too bad she doesn't go into more detail about this...

bobwonderbuns Posted 24 Feb 2010 , 5:22pm
post #19 of 54

In Toba's "the well decorated cake" book it's on pages 63 - 66 under the heading of bridge and extension work. In her "Professional Cake Decorating" book it's on pages 160 - 173.

sweetflowers Posted 24 Feb 2010 , 5:26pm
post #20 of 54

I think it's by Donna Wong, but I'm not sure. The style mentioned above that Toba does is also a possibility, but doesn't look like what Lori did on her cake.

There a couple way to do bridgeless extension work, and only Lori would know what she actually did, but here's my guess....and it's only a guess so please forgive me if I'm completely off.

Pins can be placed around the cake at intervals and a string piped from pin to pin a certain distance from the cake. when dry the extension work can be done and when dry the pins removed. At that point the string should stay put, you can either dissolve the original string or pipe over it with bead work.

I've done floating collar work where small pieces of styrofoam is used to hold up the collar while string are piped from the collar to the cake, then the strofoam is removed and the remaining stringwork piped in, it's similar to this.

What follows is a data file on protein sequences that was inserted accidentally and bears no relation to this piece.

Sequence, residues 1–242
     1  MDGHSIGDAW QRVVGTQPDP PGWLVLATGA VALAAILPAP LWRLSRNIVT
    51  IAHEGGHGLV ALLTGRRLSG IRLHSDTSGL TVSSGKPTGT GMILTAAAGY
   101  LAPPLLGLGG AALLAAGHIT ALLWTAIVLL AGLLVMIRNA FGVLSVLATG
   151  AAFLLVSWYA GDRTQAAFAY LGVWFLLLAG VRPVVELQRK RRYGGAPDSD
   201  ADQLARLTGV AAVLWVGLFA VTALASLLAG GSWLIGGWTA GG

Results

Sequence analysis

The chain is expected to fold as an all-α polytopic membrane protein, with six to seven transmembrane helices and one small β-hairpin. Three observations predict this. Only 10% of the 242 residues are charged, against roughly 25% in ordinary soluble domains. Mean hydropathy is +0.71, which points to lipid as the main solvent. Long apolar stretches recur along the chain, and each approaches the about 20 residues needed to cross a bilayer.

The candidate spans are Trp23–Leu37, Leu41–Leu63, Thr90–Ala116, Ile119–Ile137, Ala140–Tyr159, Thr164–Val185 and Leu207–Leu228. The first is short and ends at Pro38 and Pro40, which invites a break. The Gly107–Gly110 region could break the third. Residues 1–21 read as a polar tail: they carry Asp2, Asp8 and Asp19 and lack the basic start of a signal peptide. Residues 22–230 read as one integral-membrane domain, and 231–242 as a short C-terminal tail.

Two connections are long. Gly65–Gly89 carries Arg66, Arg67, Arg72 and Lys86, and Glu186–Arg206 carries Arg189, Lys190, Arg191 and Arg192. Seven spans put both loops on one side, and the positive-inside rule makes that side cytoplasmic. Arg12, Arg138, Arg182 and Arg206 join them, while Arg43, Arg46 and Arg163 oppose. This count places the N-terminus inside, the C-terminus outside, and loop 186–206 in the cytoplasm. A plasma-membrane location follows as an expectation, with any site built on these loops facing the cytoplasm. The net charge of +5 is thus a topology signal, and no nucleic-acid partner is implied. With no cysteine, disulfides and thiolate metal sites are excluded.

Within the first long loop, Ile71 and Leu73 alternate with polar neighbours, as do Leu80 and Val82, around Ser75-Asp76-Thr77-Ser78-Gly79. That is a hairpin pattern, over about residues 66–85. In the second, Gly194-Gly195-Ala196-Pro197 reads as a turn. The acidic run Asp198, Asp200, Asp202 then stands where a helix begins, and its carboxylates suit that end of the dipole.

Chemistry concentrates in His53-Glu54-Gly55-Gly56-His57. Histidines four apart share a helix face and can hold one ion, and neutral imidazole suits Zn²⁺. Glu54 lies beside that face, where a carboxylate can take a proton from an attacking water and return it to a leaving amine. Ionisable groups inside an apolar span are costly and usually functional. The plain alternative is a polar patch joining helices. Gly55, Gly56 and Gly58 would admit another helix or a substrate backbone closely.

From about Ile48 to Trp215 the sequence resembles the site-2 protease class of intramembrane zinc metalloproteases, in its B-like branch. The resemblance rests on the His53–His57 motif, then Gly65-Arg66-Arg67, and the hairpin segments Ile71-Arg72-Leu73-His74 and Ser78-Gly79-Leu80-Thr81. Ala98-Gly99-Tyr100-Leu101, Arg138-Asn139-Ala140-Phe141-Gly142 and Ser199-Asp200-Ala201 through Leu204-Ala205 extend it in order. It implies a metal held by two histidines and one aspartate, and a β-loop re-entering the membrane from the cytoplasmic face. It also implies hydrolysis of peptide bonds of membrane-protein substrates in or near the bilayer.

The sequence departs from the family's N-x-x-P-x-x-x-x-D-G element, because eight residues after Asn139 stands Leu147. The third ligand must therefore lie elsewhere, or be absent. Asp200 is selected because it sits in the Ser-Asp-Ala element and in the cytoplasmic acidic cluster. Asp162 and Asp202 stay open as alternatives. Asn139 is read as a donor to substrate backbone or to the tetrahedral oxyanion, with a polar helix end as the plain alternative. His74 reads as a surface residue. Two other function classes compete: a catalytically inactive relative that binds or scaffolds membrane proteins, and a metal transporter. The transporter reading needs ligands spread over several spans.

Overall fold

splash2splat Posted 24 Feb 2010 , 5:35pm
post #21 of 54

Sadsmile what is unbreakable gel???

I can't seem to find the book by Donna Wong - do you know where I might be able to find it?

Thank you guys for all your help

FierceConfections Posted 24 Feb 2010 , 5:40pm
post #22 of 54
Quote:
Originally Posted by sweetflowers

Pins can be placed around the cake at intervals and a string piped from pin to pin a certain distance from the cake. when dry the extension work can be done and when dry the pins removed. At that point the string should stay put, you can either dissolve the original string or pipe over it with bead work.




Maybe I'm misunderstanding this, but wouldn't the icing dry to the pin? And if it did, wouldn't it break when you take the pin out of the cake? How would you go about detaching a dried string from a pin?

I am fascinated by this!

sadsmile Posted 24 Feb 2010 , 6:48pm
post #23 of 54
Quote:
Originally Posted by bobwonderbuns

In Toba's "the well decorated cake" book it's on pages 63 - 66 under the heading of bridge and extension work. In her "Professional Cake Decorating" book it's on pages 160 - 173.